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Liturgy: Part 4

What is the liturgy? An exploration of the church’s public prayer.

The Liturgy of the Eucharist begins with the preparation of the gifts. Although this part of the Mass was more elaborate in the Middle Ages, it has been restored to its earlier simplicity. The altar has been bare up to this point; now the server brings the book (sacramentary) and vessels over and members of the congregation bring forward the community’s offerings of bread, wine and financial gifts. The presider prays, asking a blessing for the gifts and those who offered them.

The Eucharistic prayer follows, beginning with thanksgiving, expressed in the preface. The preface invites us to praise and worship, and offers specific reasons for doing so – based on the season or particular celebration. Next is the acclamation of praise, which is sung by the whole assembly: “Holy, holy, holy ...Hosanna in the highest.”

The priest then prays the epiclesis, asking the Holy Spirit to come down upon the gifts and on us, transforming the bread and wine into the body and blood of Christ and transforming us into people who live in Christ’s image.

He then tells the story of the first Eucharist in a few words, mentioning the meal in which it occurred. The words of institution and consecration are spoken ¬– “He broke the bread, gave it to his disciples and said, “Take this all of you and eat, this is my body.”” And by the power of the Holy Spirit, the bread becomes the real presence of the body of Christ. The same follows with the wine as it is transformed into the blood of Christ.

After the words of institution, we sing the memorial acclamation – “Christ has died, Christ is risen, Christ will come again” or one of the other available choices that proclaims the essence of the paschal mystery.

Prayers of remembering, offering and intercession follow. We ask God’s blessings on the church, its ministers, and all its members – both living and dead.

The Eucharistic prayer ends with a doxology, or statement of praise. The priest elevates the consecrated bread and wine and sings, “Through him, with him and in him, in the unity of the Holy Spirit, all glory and honor are yours, almighty Father, forever and ever.” The people sing a profound, “Amen,” their assent and belief in all that has taken place in the Eucharistic prayer.

We follow by praying the Our Father, the prayer Jesus taught us. We move into the peace prayer and a sign of peace among the congregation. In this, we are following Jesus’ command to reconcile before coming to the altar. As the hosts are broken and placed in vessels for distribution, we pray the Agnus Dei, the Lamb of God. We express our sorrow for our sins in the prayer, “Lord, I am not worthy to receive you ...” Then we rise in unity and process to receive the body and blood of our Lord, saying, “Amen” to indicate our belief .

After prayers of thanksgiving, the Mass concludes with a blessing and a statement to go and serve the Lord, living out the Eucharist we have received.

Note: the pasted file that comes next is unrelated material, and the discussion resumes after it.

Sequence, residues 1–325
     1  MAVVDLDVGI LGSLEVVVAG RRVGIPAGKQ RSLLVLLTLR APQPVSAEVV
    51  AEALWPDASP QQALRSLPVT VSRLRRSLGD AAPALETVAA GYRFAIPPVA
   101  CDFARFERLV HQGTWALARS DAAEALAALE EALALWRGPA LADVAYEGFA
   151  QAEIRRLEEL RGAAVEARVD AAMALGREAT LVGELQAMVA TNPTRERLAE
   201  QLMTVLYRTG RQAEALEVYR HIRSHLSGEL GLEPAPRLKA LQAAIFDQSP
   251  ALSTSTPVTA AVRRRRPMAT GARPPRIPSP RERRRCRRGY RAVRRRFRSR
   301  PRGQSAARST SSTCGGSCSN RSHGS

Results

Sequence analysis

Who’s in the sanctuary?

Altar server: The altar server is usually a young person who assists the priest during Mass. The altar server carries the processional cross, candles, the incense and thurible. He or she also assists the priest during the purification rite and often acts as a living bookstand. An altar server may be an acolyte, one of the minor orders on the path to the priesthood.

Why do we do that?

Kneeling: Kneeling is a gesture of penitence and supplication. Although the general Jewish posture for prayer was standing, penitents and supplicants knelt on occasions of great solemnity or urgency. For example, we read about Solomon kneeling before the multitudes, Jesus kneeling to pray in the Garden of Gethsemane and Stephen falling to his knees in the midst of an ecstatic vision before the Sanhedrin. From about the fourth century, kneeling was recognized as the usual attitude for private prayer. During the Mass, we kneel from the end of the Sanctus (the Holy, Holy, Holy) to the great Amen that occurs just before the recitation of the Our Father. In the United States, the bishops received an adaptation to the general norms of the church to allow for kneeling after the Agnus Dei (the Lamb of God)

What’s the season?

Marian feasts: The church devotes special veneration to Mary as the mother of God. As such, there are solemnities devoted to her, as well as a host of feast days and memorials. Some are based on biblical events, such as the Annunciation; some on specific devotions, such as Our Lady, Queen of Peace; some on dogma, such as the Immaculate Conception; and some on geography, like Guadalupe. Additionally, May is traditionally the month of Mary and October is the month of the rosary.

What’s he wearing?

Chasuble: The chasuble is the most visible of the vestments the priest wears at Mass. The chasuble is an adaptation of secular garments worn during the early church. The presider wore his newest and cleanest everyday clothes to preside at Mass. As secular clothing changed, the church reserved the chasuble for liturgical functions. Its name derives from the word, casula, or little tent, which it resembled in its ability to cover the whole person.

What’s in the church?

Altar: The altar is the table on which the elements of bread and wine are placed during the Mass. In the earliest days of the church, this table was called the trapeza Kyriou, or ‘table of the Lord.’ It was generally made of wood or stone and was identical to ordinary dining tables. Catacomb frescoes show groups gathered around the trapeza as at a meal. The term altar was studiously avoided by Christians until the fifth century, due to its pagan sacrificial connotations.